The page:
[LS4-2] Factors Influencing Evolution

This standard focuses on how evolution takes place within a population, focusing specifically on the 4 key drivers of evolution: reproduction, genetic variation, competition, and survival.

Resources for this Standard:

For Teachers & Students

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Coming soon!

Here’s the Actual Standard:

Construct an explanation based on evidence that the process of evolution primarily results from four factors: (1) the potential for a species to increase in number, (2) the heritable genetic variation of individuals in a species due to mutation and sexual reproduction, (3) competition for limited resources, and (4) the proliferation of those organisms that are better able to survive and reproduce in the environment.

Standard Breakdown

This standard has 4 specific parts that we will look at in detail:

Exponential Growth

Most species are capable of exponential growth. Think of a simple bacteria, dividing regularly every 30 minutes. In 1 hour, 1 bacteria becomes 4. At 2 hours, the population has grown to 16. By 24 hours, the population has grown to well over 200 Billion! In bacteria, this situation is easy to model mathematically:

2(number of generations) = total population

So, 24 hours at 1 generation every 0.5 hours, there are roughly 48 bacterial generations that could take place. In mathematical terms:

248 = 281,474,976,710,656 bacteria

If each bacteria weighs roughly 1 x 10-12 g, we can easily calculate the weight of this theoretical colony.

281,474,976,656 bacteria x (1×10-12g) = 281.474 g

That’s a lot of bacteria! Essentially, without any limits, one bacteria would grow to the same mass as a fat hamster in only 24 hours. Given enough time, theoretical growth would allow this bacteria to weigh more than the Earth itself!

This basic premise extends to all species that reproduce, as a single individual can create many offspring in a lifetime. However, there are many limits to growth, as we will see, which stop populations from growing beyond certain levels and lead to evolution!

Genetic Variation

To understand why the following events lead to evolution, it’s important to understand that there are differences between individuals within a population. While we consider the population a single unit because the organisms within the population can interbreed, each individual has slight differences in the genetic code.

These differences aren’t enough to create a different species, they just slightly change the function of some proteins and cellular reactions within the organism. This leads to observable variations within a population – such as fur color, metabolism efficiency, size, reproductive rate, and many other traits with slight variations.

As we will see, these genetic variations within the population become the basis for evolution. Some mutations are beneficial to specific individuals, allowing them to survive and reproduce more efficiently. Other variations are called deleterious mutations – these mutations do not help organisms survive or reproduce.

Competition for Limited Resources

The main cause of evolution is simple – competition for limited resources. Whether the organism is a plant, animal, fungi, or single-celled organisms, all organisms need resources like water, nutrients, oxygen, and sugar. The Earth – as a planet floating in the emptiness of space – has a limited amount of all of these resources.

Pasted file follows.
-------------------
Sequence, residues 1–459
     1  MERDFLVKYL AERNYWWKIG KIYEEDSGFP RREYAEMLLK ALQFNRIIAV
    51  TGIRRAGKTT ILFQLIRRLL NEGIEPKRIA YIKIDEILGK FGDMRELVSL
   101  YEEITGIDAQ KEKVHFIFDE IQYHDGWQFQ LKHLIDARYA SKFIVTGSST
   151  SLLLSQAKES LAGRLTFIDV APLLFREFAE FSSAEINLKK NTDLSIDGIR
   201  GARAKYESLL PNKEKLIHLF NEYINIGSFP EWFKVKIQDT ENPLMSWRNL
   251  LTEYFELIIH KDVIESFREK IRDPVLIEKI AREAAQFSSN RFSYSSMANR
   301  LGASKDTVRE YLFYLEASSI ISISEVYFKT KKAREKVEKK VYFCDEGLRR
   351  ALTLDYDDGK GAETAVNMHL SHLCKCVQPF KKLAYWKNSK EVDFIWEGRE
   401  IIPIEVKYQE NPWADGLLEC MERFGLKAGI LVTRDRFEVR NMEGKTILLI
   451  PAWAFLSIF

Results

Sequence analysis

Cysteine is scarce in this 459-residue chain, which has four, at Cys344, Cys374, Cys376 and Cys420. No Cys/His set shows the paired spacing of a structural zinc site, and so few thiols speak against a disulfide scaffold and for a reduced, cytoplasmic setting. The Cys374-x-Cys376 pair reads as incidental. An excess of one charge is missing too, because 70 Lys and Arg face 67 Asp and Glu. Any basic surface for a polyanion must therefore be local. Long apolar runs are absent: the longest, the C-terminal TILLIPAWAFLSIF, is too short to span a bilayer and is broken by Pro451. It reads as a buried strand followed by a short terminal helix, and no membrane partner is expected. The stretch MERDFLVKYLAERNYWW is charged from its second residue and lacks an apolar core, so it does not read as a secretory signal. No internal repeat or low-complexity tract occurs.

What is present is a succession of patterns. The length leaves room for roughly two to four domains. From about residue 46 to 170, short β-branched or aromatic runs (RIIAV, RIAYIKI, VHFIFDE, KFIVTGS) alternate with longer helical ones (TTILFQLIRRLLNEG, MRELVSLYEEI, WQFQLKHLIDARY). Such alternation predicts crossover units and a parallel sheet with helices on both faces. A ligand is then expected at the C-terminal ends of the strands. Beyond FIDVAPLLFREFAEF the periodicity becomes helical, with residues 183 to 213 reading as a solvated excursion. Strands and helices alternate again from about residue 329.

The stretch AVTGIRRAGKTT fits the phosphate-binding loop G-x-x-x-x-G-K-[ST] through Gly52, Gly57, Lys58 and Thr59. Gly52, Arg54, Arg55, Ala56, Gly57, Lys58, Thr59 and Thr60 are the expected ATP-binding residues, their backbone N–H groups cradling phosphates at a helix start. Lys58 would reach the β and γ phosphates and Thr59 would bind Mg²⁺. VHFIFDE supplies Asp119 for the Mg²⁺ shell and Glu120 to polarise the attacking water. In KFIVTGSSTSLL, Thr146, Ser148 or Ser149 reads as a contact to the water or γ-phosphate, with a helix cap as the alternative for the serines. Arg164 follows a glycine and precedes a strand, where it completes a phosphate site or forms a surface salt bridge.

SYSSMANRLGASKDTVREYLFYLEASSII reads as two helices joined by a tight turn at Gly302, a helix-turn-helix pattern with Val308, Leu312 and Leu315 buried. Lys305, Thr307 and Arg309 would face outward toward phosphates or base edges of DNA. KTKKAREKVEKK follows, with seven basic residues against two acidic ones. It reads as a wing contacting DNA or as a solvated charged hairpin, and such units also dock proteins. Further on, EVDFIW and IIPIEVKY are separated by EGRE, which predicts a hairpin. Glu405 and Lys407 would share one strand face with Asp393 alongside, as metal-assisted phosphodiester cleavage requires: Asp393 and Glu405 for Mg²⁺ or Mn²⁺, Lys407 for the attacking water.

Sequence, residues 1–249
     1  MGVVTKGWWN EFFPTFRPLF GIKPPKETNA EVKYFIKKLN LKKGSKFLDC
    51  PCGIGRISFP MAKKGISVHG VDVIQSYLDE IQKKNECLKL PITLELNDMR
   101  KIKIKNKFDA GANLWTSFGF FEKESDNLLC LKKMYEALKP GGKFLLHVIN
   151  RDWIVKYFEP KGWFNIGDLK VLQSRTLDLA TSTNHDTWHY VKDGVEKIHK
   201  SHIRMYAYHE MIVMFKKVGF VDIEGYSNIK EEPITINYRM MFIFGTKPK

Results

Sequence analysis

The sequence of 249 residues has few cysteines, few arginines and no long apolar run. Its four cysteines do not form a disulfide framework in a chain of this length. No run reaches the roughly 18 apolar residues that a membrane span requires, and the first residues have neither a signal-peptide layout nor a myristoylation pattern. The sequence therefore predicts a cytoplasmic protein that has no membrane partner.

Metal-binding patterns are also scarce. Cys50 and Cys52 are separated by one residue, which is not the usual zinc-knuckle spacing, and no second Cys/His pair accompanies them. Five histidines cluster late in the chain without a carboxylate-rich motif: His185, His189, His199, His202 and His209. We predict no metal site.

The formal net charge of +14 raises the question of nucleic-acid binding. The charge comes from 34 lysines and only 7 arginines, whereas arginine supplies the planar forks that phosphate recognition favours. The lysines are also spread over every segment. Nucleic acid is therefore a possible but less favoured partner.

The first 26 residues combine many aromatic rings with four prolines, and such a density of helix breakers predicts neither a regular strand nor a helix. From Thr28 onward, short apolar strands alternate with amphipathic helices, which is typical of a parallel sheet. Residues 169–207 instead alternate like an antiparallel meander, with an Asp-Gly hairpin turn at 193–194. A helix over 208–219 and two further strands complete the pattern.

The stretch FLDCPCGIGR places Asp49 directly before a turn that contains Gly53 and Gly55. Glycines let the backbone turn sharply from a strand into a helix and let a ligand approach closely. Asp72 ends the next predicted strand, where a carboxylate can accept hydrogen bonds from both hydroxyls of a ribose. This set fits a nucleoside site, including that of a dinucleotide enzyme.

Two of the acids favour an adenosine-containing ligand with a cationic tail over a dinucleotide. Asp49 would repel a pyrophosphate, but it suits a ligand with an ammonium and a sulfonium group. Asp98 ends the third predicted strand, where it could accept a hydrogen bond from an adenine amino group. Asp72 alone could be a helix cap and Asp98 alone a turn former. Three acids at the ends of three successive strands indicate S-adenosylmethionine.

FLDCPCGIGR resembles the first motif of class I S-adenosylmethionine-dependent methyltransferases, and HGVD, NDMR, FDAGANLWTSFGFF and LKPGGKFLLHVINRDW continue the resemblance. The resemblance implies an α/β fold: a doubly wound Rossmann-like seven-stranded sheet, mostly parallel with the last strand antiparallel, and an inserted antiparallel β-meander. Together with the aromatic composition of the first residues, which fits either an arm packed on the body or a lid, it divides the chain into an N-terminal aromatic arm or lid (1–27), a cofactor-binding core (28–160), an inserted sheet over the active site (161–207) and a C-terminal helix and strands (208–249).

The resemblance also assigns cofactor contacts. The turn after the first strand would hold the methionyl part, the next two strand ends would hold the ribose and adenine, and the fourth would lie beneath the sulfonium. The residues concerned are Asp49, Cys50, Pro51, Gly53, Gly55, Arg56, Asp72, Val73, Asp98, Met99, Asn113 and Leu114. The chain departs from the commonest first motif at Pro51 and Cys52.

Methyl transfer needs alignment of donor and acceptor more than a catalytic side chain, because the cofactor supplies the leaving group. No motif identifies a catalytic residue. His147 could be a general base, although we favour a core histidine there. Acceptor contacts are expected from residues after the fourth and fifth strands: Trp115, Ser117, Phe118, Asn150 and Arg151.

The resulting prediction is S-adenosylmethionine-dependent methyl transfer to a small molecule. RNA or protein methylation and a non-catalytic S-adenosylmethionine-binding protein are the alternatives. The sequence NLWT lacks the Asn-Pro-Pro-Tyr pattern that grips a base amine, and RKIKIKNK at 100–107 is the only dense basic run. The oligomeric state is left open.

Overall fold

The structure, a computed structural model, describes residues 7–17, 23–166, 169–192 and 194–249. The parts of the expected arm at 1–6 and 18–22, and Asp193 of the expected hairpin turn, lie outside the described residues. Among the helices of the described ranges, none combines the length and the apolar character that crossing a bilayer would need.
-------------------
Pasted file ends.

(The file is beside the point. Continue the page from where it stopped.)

As exponential growth rapidly expands a population in a given area, any resource can become a limiting resource – one that stops or slows population growth. For example, sunlight is a limiting resource for plants. Only so many plants can grow in a certain space before all the light is used up. But, plants may have other limiting resources as well – such as nutrients in the soil, carbon dioxide in the air, or available water.

In a closed system, such as a petri dish full of bacteria, the effect of competition for limited resources becomes clear. The bacterial population explodes as it finds a fresh plate of sugar-rich agar. The exponential growth continues until the sugar begins to run out. Without a source of energy, the bacteria go into a low-growth “stationary phase” where the population stalls out. Then, if no new nutrients are added and all the sugar is used up, the bacteria rapidly begin to die off, as seen in the graph below:

Bacterial growth
Bacterial growth

When resources are cycled and recycled within an ecosystem (as most matter is), this leads to a slightly different situation. Instead of a massive die-off, many populations tend to stabilize at their carrying capacity. This does not mean that competition for limited resources stops; it simply means that the reproductive success of these populations is limited to the nutrients each organism can compete for.

This, ultimately, leads to evolution.


The key to natural selection is survival. Organisms that survive can reproduce, and only reproducing organisms can pass on their genes. This ensures that only beneficial mutations get copied, leading to a change in the genes within a population. Single genes can control an entire observable trait, but most of the time many genes contribute to the phenotype (or visible trait). Through mutation and other mechanisms that increase variation in a population, new phenotypes evolve as new mutations are constantly tested in the environment.